And when the Wong brothers recognized grandfather as the 4-time Johor badminton champion in the 1930s, they asked him to train them in the game.

Grandfather, who trained many talented world-class players through his Companion Badminton Party, was not only a competent player but also a dedicated trainer.  In 1936, he was the vice-president of the Johor Baru District Badminton Association.

So with grandfather’s help, the Wong brothers built an international standard badminton court in their garden, right under the chiku tree!

Wong Peng Soon with the
prestigious Thomas Cup 1949*
Here, grandfather trained the Wong brothers and together with Peng Nam, Peng Soon, and Peng Yee and they formed the Johor team of 1939 who won the Foong Seong Cup, a trophy donated by a Chinese businessman. 

In 1960, when Tan Sri Mohamed Khir Johari became Badminton Association of Malaysia president, he renamed the trophy, the Khir Cup.

Grandfather helped Peng Soon hone his badminton skills and to master the most difficult stroke in the game – the backhand.  Peng Soon is best remembered as a member of Malaya’s first team who won the ThomasCup in 1949 and the first Asian to win the All-England title in 1950 and subsequent victories in 1951, 1952 and 1955.

Badminton is probably in their blood because almost every ten years a champion was born in grandfather’s family – Roland Ng (1931), Billy Ng (1940) and Sylvia Ng (1949).  

Grandfather was their trainer while the siblings were sparring partners on the court built adjacent to grandfather’s house at No. 154 Jalan Ngee Heng.

Aunty Sylvia on the cover of All Sports
magazine, Sept 1978 issue
Among other achievements, Uncle Roland was Johor champion from 1963 to 1973, National Veterans singles champion in 1971 and doubles gold medalist in the first World Invitation Badminton Veterans Tournament in 1983.  Uncle Billy was Malaysian Open men’s singles champion in 1964 and a member of the victorious Thomas Cup team in 1967. 

Like her brothers, Aunty Sylvia’s badminton training started at home and she went on to conquer State and National titles as well as medals in the South East Asia Games and Asian Games.  

On 12 August 1978, Aunty Sylvia made history by becoming the first Asian woman to win the Commonwealth Games singles Gold in Edmonton, Canada.  In her illustrious career, Aunty Sylvia was National champion six times until 1980 when she retired from competitive sports.  

For her outstanding achievements, Aunty was honoured as Sportswoman of the Year in 1975 and 1978.  Aunty Sylvia and Uncle Billy were inducted into the Olympics Council of Malaysia Hall of Fame in 2004 and 2008, respectively.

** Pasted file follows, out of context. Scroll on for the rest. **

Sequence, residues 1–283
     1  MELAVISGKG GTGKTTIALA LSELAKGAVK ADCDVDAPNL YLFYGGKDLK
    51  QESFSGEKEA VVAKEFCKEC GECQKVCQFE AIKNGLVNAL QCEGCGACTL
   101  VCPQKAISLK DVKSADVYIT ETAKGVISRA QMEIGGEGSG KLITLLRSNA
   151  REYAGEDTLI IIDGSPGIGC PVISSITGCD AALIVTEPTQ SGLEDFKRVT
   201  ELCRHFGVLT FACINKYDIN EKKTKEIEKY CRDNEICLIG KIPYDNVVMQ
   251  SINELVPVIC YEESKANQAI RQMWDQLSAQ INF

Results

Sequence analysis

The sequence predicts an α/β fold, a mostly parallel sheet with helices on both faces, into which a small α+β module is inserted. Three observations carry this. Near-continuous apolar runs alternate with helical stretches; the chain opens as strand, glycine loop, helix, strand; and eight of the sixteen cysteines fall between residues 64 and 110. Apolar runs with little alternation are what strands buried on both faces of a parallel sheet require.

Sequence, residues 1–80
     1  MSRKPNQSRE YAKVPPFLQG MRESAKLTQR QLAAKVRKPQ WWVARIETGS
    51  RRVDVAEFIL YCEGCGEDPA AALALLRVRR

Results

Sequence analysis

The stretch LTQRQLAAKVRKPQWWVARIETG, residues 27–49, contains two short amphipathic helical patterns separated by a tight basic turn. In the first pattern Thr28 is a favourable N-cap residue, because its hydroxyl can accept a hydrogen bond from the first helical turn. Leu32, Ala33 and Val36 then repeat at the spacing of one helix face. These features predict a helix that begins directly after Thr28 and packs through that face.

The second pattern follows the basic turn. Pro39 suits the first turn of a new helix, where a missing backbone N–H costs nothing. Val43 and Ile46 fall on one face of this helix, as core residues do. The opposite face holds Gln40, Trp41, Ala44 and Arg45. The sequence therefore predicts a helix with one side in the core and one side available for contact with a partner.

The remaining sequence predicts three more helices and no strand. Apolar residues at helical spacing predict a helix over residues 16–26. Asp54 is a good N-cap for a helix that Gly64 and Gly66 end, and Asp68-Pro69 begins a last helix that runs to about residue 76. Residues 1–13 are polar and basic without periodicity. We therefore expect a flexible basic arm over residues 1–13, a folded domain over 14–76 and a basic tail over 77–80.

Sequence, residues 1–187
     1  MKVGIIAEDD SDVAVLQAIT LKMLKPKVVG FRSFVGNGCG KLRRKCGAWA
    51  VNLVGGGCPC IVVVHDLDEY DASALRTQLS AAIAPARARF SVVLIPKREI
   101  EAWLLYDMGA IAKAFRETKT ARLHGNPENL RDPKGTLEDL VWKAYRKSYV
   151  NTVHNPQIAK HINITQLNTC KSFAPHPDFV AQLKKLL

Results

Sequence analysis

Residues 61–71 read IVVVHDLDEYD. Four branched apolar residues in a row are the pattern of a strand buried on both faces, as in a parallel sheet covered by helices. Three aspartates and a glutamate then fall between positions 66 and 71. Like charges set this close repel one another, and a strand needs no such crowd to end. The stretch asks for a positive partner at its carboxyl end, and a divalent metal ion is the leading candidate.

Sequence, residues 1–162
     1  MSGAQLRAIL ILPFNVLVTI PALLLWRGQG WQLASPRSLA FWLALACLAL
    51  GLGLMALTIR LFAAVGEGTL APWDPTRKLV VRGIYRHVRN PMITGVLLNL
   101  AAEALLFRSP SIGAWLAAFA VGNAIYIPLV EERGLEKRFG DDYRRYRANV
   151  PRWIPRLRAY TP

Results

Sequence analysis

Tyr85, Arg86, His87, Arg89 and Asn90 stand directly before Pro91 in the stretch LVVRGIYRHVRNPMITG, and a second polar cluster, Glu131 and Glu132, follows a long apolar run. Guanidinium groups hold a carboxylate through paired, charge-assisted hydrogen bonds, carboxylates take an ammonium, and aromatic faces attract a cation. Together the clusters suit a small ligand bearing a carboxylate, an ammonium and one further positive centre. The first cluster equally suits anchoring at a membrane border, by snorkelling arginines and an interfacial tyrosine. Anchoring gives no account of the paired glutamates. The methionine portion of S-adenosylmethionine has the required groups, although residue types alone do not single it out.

Grandfather and grandma had 11 children, their eldest daughter is my mum, Lucy, and the youngest, Aunty Sylvia.  Being the eldest daughter, mum’s age was closer to that of grandma’s youngest sister, Mak Fong Sim, and they had a very close relationship.

Dating days at Istana Gardens, 1953, [L to R]
dad and mum with her aunt, Mak Fong Sim,
who later married Leong Weng Yip
They started dating about the same time and for my mum’s wedding, her aunt sewed my mum’s evening gown.  Dad captured some good shots of their double dates at the Istana Gardens, using his trusted camera on a tripod stand!

My parents’ wedding banquet was held alfresco on the badminton court at Jalan Ngee Heng.  The caterer was New Hong Kong Restaurant, where the cooks brought their mobile kitchen to prepare and serve the banquet on location!

Our Ngee Heng home was the ‘central’ for most family events probably due to its space and some of my fondest memories must be the Lunar New Year gatherings there.  

During our school-going years, my siblings and some cousins stayed here to conveniently walk to school and we had many exciting experiences in this neighbourhood. 

One of the most unforgettable experiences happened while Aunty Polly had just delivered her firstborn, Bernice, and were staying in the Ngee Heng family home for her confinement month.

In the middle of the night, we heard a loud crash and felt a strange tremor – it was a common occurrence because the house was bordered by main roads – and as usual, we opened our upstairs room window to see what had happened. 

We scanned the scene and saw nothing amiss but when we looked down, we were shocked to see that a car had rammed down a section of the bamboo hedge, fence and wall, and was halfway into the bedroom where Aunty Polly, baby and helper were in!

We screamed and rushed downstairs, and can never forget the horrific sight of the car hood inside the room, under the rubble of the fallen wall, through the cloudy darkness of concrete dust – and no sign of Aunty!